So we drove through. Him a juice and chips, me a Big Mac with no meat patties and a vanilla thick shake . Yes, you read right. No meat. I know, I know – it’s a lettuce and pickle roll, but I’m vegetarian, so I get the sugar bun with the plastic cheese and the mysteriously enticing sauce and then throw a veg burger on it when I get home. At least, that was the intention until LL pushed a chair to the bench where I had carefully place my burger-to-be out of harm’s way.

It was something about the little shreds of lettuce fluttering through the air before they hit the floor, the way the pickles stuck to the cupboard doors, the way the bun perfectly complimented the strands of cold spaghetti and the splattering of cemented Weet Bix that just did it for me. I cried over spilled burger-to-be, and when LL asked with grave concern, “You arite, Mummy? You arite?” I wanted to scream, “What the fuck do you think!?”

Instead I tried getting him sorted for bed time. This was met with the kind of reception you might expect: “NO no no no no… Run run, Mummy. Run run!”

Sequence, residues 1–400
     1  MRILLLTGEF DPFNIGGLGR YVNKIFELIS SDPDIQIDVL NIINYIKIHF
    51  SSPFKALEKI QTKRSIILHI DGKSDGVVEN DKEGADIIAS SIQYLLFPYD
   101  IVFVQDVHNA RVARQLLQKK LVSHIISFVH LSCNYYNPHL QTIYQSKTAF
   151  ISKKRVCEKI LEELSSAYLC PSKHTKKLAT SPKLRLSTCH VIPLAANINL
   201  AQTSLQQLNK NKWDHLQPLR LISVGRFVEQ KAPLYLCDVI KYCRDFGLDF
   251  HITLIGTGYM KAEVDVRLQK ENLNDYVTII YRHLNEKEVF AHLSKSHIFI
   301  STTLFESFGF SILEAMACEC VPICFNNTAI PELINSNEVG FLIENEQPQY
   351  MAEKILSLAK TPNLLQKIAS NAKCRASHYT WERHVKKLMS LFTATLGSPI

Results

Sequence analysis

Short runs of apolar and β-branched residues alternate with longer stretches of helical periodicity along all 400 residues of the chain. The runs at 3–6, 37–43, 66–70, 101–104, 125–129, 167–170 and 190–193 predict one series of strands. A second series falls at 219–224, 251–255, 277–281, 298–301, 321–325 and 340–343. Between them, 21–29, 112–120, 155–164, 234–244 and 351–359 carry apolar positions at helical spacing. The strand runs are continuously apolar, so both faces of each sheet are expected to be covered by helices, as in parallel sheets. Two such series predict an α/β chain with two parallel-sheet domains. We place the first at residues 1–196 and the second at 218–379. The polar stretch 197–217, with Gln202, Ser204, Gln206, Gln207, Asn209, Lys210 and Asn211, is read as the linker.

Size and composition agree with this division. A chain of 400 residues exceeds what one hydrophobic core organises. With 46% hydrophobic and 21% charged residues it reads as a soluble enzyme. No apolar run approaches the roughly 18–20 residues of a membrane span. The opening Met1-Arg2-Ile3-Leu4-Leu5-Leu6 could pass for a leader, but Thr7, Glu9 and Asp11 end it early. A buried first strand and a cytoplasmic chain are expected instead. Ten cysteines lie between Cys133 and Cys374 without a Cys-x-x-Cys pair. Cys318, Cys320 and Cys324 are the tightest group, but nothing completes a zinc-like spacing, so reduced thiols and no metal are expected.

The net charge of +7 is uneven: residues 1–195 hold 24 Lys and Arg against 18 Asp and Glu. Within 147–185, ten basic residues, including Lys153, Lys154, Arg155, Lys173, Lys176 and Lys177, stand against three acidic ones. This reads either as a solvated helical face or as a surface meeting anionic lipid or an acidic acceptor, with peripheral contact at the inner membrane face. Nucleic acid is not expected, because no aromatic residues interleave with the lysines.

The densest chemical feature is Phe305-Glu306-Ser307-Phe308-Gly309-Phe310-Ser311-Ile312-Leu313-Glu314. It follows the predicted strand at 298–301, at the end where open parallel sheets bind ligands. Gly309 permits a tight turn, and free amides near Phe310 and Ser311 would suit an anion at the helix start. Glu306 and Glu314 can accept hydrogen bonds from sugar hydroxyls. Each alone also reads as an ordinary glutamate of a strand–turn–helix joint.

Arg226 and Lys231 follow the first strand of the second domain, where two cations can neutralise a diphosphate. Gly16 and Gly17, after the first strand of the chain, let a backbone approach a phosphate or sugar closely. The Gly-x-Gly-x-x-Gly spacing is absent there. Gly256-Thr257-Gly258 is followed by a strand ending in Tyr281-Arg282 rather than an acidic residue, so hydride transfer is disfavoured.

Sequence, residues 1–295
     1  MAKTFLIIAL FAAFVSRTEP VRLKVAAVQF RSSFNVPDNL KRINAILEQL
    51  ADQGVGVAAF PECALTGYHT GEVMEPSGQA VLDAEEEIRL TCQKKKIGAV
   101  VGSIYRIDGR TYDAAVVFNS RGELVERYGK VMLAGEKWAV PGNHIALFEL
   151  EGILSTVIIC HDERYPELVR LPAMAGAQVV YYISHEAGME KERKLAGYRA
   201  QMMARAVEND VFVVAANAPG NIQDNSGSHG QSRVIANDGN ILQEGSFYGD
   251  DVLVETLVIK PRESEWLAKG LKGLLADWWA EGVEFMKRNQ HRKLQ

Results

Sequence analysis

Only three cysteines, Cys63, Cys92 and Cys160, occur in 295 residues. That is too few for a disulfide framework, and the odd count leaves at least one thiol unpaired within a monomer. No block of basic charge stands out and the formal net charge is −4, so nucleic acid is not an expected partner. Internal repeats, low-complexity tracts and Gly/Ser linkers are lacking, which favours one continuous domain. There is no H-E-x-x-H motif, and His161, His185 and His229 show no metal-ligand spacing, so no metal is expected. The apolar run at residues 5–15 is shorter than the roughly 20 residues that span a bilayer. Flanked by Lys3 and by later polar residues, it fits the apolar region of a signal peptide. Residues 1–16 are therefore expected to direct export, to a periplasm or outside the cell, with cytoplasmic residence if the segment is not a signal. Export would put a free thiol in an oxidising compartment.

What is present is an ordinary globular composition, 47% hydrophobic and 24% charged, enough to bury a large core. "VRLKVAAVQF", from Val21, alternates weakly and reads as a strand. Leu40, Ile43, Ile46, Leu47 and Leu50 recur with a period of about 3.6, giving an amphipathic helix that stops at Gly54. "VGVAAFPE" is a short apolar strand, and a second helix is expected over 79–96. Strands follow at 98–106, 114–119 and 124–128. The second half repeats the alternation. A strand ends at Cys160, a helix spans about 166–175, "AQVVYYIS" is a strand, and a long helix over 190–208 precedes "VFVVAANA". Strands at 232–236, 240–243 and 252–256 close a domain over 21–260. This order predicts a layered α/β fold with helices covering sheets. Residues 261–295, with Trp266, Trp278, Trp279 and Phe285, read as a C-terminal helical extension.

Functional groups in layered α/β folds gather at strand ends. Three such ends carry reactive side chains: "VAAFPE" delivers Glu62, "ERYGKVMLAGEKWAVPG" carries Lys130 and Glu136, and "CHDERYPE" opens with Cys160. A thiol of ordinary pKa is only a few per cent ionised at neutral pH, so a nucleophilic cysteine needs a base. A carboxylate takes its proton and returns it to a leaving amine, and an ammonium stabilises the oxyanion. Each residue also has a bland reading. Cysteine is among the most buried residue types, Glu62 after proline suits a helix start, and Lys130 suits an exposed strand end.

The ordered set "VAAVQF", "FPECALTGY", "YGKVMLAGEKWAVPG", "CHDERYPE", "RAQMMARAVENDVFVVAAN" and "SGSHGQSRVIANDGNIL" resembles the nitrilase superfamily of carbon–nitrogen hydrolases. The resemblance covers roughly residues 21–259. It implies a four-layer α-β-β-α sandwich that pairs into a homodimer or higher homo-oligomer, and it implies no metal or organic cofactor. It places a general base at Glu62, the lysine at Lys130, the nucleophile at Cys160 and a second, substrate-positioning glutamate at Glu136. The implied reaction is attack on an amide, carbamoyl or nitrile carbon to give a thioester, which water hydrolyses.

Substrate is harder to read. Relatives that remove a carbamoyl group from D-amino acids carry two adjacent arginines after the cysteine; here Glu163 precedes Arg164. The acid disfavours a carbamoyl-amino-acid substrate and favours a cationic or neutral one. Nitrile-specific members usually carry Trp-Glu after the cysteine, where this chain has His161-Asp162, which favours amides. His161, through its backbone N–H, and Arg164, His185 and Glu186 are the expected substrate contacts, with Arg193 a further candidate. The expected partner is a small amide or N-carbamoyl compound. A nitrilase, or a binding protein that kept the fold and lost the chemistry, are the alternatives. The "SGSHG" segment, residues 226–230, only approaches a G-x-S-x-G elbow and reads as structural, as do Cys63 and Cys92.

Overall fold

From past experience, I know this is LL code for “I’m not going to settle down until I have done a monumental poo and that monumental poo is not going to happen unless I am given ample space to move and ample solitude to bear down in private.” So I sent him out the back door with a flourish and settled into the armchair in Blossom’s room to give her the first bit of quiet attention she had had all day. It was not long lived.

She suckled, she drifted, he crashed through the door, trailing and ungodly stench. I held my ground and composure.

“Poo-ey Mummy!”

“Mmm-hmm,” I said quietly,”We’ll finish boobie and then we’ll change your nappy.”

To which LL demonstratively sat down, rubbed his backside from right to left and grinned, “Squish!”